Howie Long-Short: “Paid patriotism” isn’t a new concept or one originated by Major League Baseball. Back in 2016, Senators John McCain and Jeff Flake blasted the NFL (and other pro leagues) for taking government funding to honor military personnel (think flag displays, family reunions). An internal audit found that between ’12-’15, the NFL signed contracts worth $6.1 million that contained elements of “paid patriotism”. To the league’s credit, they did return $723,000+ to the Defense Department; “the first organization to perform due diligence, take responsibility and return funds to the taxpayers” (according to Flake). Wondering who the biggest pigs were? Atlanta ($879,000), New England ($700,000) and Buffalo ($650,000).

Fan Marino: On the surface, it seems as if Francona has been wronged; but this isn’t the first time he’s brought negative attention on his employer. Francona was previously fired by the Dodgers after accusing the team’s director of player development (Gabe Kapler) of discriminating against him for seeking help from an organization that supports veterans with “invisible wounds of war”. MLB investigated the complaint and decided not to take action.

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Thuuz Sports Metadata Algorithm Ranks Most Exciting Teams, Games in ’18 World Cup

thuuz

Thuuz Sports, an automated short form sports video production company and metadata service, in collaboration with IBM and Fox Sports measured the excitement levels of all teams/games throughout the World Cup; using the insights gained to create customizable highlights in real time. The proprietary algorithm determined that Spain (scored 93.5), runner-up Croatia (91) and Belgium (91) were the most exciting teams to participate in the 2018 World Cup (France finished 7th); game pace, team parity, play novelty, momentum shifts, social buzz and historical context of all matchups throughout the tournament were all considered. The Croatia-Russia match received a perfect score of 100, making it the tournament’s most exciting matchup. You’ve heard the term, ‘the excitement was palpable’; as CEO Warren Packard says, “we can now verify it.”

Howie Long-Short: Thuuz, a privately held entity, has raised $10.7 million over 2 rounds of funding. You can play the company via Liberty Global (LBTYK), who led their $4.2 million Series A round in ’12 or through ITOCHU Technology Ventures; the VC arm of Itochu Corporation. Itochu is among the largest Japanese general trading companies (#215 on ’17 Fortune Global 500 list), with an expertise in textiles, metals/minerals, food, machinery, energy/chemicals and ICT/general products/real estate; the company trades over the counter under the symbol ITOCY.

Fan Marino: France finished 7th despite winning the tournament, because overall suspense/surprise throughout all team matches carries the most weight in the algorithm. That’s logical. You’d be hard pressed to find anyone who says the Warriors run to the NBA Championship was more exciting than the Eagles run to the Super Bowl. Expectations, or the lack thereof, matter.

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Anthony Joshua: Range Rover Sponsorship Aligns with Long-Term Goal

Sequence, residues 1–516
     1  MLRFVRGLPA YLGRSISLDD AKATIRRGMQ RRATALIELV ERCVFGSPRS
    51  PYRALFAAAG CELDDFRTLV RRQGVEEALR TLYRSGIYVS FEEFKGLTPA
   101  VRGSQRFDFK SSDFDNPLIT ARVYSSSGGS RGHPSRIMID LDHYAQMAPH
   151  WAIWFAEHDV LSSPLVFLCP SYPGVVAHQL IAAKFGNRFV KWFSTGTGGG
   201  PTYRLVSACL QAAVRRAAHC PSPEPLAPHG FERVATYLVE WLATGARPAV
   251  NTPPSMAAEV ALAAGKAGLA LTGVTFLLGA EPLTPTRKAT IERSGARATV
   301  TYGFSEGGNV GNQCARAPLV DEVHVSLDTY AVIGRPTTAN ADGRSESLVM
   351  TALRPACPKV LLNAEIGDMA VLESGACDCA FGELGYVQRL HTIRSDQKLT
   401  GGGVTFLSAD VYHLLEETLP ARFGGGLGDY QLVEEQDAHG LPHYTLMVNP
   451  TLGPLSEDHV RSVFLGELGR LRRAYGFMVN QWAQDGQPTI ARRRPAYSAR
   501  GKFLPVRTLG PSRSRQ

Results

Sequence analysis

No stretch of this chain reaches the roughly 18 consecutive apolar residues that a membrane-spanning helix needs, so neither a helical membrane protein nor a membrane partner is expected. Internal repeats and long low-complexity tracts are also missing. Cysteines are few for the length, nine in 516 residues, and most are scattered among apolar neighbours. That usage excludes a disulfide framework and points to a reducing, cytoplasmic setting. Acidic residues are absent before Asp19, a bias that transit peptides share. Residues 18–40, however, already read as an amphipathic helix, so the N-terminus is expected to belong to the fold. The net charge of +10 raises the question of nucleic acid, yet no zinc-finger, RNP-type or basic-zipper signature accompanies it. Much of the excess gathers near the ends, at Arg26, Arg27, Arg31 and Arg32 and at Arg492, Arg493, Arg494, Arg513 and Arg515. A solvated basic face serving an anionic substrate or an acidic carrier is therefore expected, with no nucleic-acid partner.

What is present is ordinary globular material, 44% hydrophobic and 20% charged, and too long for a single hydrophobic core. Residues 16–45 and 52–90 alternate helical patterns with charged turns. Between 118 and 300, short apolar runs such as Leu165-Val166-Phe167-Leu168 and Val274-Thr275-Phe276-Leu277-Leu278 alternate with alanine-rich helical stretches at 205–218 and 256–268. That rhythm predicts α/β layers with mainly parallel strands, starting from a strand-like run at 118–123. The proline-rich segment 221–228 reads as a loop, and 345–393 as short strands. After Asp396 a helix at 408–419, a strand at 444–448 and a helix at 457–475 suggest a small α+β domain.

JWS: You mentioned that you’ve signed endorsement deals with brands that align with your long-term goals. How does the Jaguar/Range Rover relationship play into that?

You can read the transcript of the full interview at https://johnwallstreet.com/heavyweight-champ-anthony-joshua/

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Anthony Joshua Has a “Billionaire Mindset”

JWS: You’re open about pursuing your goal of becoming a billionaire. You have a successful line of gyms, what other businesses are generating income for you?

You can read the transcript of the full interview at https://johnwallstreet.com/heavyweight-champ-anthony-joshua/

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Anthony Joshua Implies Stake in DAZN

JWS: Mayweather made a fortune collecting on a portion of PPV receipts. Do you worry that DAZN’s subscription model will cost you money?

You can read the transcript of the full interview at https://johnwallstreet.com/heavyweight-champ-anthony-joshua/

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NFL Generated Record Revenue in ’17, Claims of League Demise Premature

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NFL teams split a league record $8.1 billion ($255.9 million/per) in national revenues (includes: TV deals, road-game rev-sharing etc.), representing a 4.9% YoY increase in 2017. The escalating value of television rights (+5% YoY) and the increased availability of Thursday Night Football (think: Amazon) drove the growth. The Green Bay Packers, the only publicly traded team, reported record revenue ($454.9 million) last season; an 8% YoY increase, that includes $34.1 million in operating profits. It’s been estimated that the league generated more than $14 billion in ’17 revenue, the most of any league worldwide.

Howie Long-Short: It’s time we put to rest the notion that the NFL is declining in popularity. Player protests. Brain injuries. Criminal Accusations (think: LeSean McCoy). None of it has had any impact on revenue generation (according to Packers President Mark Murphy). While we’re at it, let’s end the talk that the NBA is closing the gap on the NFL; it’s not. For all the overseas interest we hear about, NBA teams split just $7.4 billion in TOTAL revenue last year.

The Packers are publicly traded but stockholders hold no equity interest, shares do not pay dividends and they cannot be sold; except for back to the team at a discounted price. Great deal (rolling eyes). For those wondering, the balance of the team’s revenue ($199 million, +.8% YoY) came from sponsorships, game-day revenue, local broadcast fees, sales at the team’s pro shop and tickets to their Hall of Fame exhibit.

Fan Marino: One argument I will buy regarding the NFL is that the controversies, particularly as it relates to CTE, have negatively impacted the value of franchises. Even with newly signed TNF and streaming deals, Trump related tax breaks and legalized gambling on the horizon, the Carolina Panthers sold for 5.9x ’16 revenue; just a slight increase over in 5.6x multiple Buffalo sold for in ‘14. By comparison, the Rockets sold for 7.4x in ‘17. I continue to maintain David Tepper got a great deal.